(Christine Baumgarthuber on the place of pork and corn in the historical diet of America’s southerners)

History on the Half-Shell: The Story of New York City and its Oysters
(article by the New York Public Library’s Carmen Nigro)

Honey, Food is All About Power
(dialogue, between Bani Amor and Thy Tran, on false assumptions about “ethnic” food writers, the imagined audience for their writing, and the ways food writing is used to reinforce stereotypes about race and ethnicity for profit)

How to Prepare a Sauce for the Lords and How Long it Lasts
(recreating a sour twelfth-century recipe that features sweet spices)

In Search of Taste
(quarterly magazine “…dedicated to examining gastronomic cultural traditions [of] the symbiotic affinity between simple food and wine…”)

Information is Beautiful
(infographic on compatibility of flavors)

Joanne Chang Brings the Sweet Science of Sugar to Harvard
(Eater National account of her lecture/demonstration)

Mad Feed
(food for thought via articles and TED-like video presentations)

Magical Tour of Yotam Ottolenghis Cookbook Collection, A
(an interview with the author of Plenty)

(another aggregator of food articles)

Museum of Food and Drink, The (MOFAD) 
(New York City’s future museum, “… about the culture, history, science, production, and commerce of food and drink,” where one will be able to smell and taste the exhibits)

Myth of Togetherness Around the Table, The
(apparently -- in England at least -- it didn’t exist before middle-class Edwardians decided it should)

See It, Want It: Window Food Displays
(Jan Whitaker, on restaurants’ use of their windows to attract customers)

Seven Moles of Oaxaca, The
(from Mexican chef par excellence, Zarela Martinez)

Tea if by Sea
(Dan Jurafsky’s history of tea, with an emphasis on linguistics)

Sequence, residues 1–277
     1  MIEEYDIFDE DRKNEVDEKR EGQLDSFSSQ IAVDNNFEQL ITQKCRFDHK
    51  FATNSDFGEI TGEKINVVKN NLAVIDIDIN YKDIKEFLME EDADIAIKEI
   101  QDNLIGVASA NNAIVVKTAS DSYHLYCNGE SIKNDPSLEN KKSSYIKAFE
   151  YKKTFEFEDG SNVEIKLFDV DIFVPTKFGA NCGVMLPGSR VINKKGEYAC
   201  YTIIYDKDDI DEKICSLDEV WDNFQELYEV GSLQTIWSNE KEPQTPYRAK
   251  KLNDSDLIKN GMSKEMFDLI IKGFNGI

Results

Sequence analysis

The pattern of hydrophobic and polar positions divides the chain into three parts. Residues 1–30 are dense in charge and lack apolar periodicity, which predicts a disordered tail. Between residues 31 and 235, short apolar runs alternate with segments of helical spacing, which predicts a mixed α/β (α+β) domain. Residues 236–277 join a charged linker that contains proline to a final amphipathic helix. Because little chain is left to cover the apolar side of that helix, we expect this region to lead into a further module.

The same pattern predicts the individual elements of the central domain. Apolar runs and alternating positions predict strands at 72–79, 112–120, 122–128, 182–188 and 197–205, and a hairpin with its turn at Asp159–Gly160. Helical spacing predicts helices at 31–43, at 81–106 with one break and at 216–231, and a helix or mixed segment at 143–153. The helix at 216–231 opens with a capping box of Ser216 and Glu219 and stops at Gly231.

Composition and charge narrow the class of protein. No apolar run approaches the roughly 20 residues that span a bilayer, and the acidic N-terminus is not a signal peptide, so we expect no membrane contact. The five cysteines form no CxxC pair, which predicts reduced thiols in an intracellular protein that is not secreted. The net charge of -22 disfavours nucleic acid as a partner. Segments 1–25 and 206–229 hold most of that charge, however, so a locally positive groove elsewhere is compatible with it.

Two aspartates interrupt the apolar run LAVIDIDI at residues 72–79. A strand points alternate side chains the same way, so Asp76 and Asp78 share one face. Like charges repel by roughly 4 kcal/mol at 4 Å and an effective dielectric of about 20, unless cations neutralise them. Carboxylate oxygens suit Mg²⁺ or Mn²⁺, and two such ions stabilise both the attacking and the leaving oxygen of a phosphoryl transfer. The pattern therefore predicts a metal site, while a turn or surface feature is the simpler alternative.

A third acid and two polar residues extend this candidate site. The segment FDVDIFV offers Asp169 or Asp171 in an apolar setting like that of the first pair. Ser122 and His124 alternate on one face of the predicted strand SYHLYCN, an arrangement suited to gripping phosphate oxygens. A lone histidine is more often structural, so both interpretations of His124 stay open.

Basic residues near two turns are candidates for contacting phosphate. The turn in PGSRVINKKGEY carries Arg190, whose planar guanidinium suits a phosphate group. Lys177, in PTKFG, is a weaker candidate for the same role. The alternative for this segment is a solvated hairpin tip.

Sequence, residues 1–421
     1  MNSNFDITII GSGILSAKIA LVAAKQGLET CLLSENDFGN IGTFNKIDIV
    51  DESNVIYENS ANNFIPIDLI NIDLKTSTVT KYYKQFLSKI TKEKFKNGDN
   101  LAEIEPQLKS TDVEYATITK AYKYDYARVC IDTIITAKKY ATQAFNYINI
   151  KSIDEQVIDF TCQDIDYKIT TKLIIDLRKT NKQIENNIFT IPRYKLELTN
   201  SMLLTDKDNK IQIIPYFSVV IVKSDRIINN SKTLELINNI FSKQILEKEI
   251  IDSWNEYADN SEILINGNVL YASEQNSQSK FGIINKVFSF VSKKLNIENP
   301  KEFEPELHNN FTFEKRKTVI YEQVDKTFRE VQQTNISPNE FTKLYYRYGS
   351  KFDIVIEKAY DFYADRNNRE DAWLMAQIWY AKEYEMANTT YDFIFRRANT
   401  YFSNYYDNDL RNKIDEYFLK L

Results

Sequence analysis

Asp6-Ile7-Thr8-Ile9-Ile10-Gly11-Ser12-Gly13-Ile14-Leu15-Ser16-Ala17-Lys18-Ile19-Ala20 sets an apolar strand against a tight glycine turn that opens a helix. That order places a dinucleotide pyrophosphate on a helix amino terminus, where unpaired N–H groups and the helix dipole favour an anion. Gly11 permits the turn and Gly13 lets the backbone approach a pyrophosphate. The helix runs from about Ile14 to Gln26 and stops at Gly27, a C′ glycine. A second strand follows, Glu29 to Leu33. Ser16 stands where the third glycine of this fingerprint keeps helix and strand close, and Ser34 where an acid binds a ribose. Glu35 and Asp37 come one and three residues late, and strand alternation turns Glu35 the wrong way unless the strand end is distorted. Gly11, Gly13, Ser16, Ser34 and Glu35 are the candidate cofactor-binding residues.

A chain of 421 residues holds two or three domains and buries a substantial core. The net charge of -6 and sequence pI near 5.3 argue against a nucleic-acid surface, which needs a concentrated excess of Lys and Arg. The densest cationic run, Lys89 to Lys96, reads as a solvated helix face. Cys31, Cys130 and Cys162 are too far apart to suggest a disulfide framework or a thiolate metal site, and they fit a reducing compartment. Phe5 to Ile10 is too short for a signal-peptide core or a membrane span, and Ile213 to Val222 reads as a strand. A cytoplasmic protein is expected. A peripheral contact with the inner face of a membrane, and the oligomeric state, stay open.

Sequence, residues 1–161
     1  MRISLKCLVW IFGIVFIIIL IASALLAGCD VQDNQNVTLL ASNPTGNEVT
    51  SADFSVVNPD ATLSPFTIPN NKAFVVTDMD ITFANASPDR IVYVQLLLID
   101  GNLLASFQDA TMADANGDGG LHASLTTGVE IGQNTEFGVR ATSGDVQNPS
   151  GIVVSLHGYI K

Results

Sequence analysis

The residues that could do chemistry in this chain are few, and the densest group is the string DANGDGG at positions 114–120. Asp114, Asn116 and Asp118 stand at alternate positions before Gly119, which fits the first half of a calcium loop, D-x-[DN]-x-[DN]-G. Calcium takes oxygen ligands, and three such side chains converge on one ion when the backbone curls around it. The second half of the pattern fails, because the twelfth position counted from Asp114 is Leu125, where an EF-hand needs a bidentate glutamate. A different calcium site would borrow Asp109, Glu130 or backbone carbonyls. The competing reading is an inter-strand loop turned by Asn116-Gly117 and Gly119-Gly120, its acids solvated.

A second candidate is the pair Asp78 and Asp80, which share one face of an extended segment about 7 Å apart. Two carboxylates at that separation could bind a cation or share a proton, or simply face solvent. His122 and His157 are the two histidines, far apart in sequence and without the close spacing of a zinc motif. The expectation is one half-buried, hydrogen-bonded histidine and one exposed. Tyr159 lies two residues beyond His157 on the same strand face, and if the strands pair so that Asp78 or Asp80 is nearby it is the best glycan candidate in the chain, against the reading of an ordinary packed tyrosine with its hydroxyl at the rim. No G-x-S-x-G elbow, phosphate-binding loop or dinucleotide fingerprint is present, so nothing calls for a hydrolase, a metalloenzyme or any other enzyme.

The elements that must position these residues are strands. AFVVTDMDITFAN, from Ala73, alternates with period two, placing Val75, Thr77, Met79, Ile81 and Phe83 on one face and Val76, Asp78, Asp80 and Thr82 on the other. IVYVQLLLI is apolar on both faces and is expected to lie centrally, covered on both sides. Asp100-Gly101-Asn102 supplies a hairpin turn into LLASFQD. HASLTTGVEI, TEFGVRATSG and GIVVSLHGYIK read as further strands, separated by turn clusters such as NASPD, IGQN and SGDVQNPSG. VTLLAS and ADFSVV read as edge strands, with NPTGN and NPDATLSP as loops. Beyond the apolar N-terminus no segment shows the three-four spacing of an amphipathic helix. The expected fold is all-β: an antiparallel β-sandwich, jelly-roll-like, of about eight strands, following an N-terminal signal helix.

Wine Snobbery Explained
(“Wine snob. Isn’t that a redundancy…?” more embarrassing details from

Zythum: An Egyptian Precursor to Beer
(food safety microbiologist Peter Olsen blogs about an ancient brew)

---- inspirational (or otherwise useful) sites for writers/bloggers ----

Book academy

Getting Started with Social Media

So You Want to Be a Food Writer

Writer, The

---- yet more blogs ----

Botanist in the Kitchen, The

Draughts Are Deep, The

Edible Arts

Edible Legacies

Fork Tales

Language of Food, The


Odd Pantry, The

Plate, The

Ruth Reichl

Shepherd and the Olive Tree, The

Taste of History with Joyce White, A

---- thats all for now ----

Except, of course, for the usual legalistic mumbo-jumbo and commercial flim-flam:

Your privacy is important to us. We will not give, sell or share your e-mail address with anyone, for any purpose -- ever. Nonetheless, we will expose you to the following irredeemably brazen plugs: 

Want to support On the Table, without spending a dime of your own money on it? 

It’s easy. Whenever you want to shop on Amazon. Com, click on any of the book links below, then whatever you buy there (it doesn’t even have to be one of our books) will earn a commission for this newsletter.

The Resource Guide for Food Writers 
(Paper), (Kindle

The Herbalist in the Kitchen 

The Business of Food: Encyclopedia of the Food And Drink Industries 

Human Cuisine 

Herbs: A Global History 

Terms of Vegery 

How to Serve Man: On Cannibalism, Sex, Sacrifice, & the Nature of Eating 

Here endeth the sales pitch(es)...

...for the moment, anyway.


The Resource Guide for Food Writers, Update #169 is protected by copyright, and is provided at no cost, for your personal use only. It may not be copied or retransmitted unless this notice remains affixed. Any other form of republication -- unless with the author'‘s prior written permission -- is strictly prohibited.

Copyright, 2014 by Gary Allen.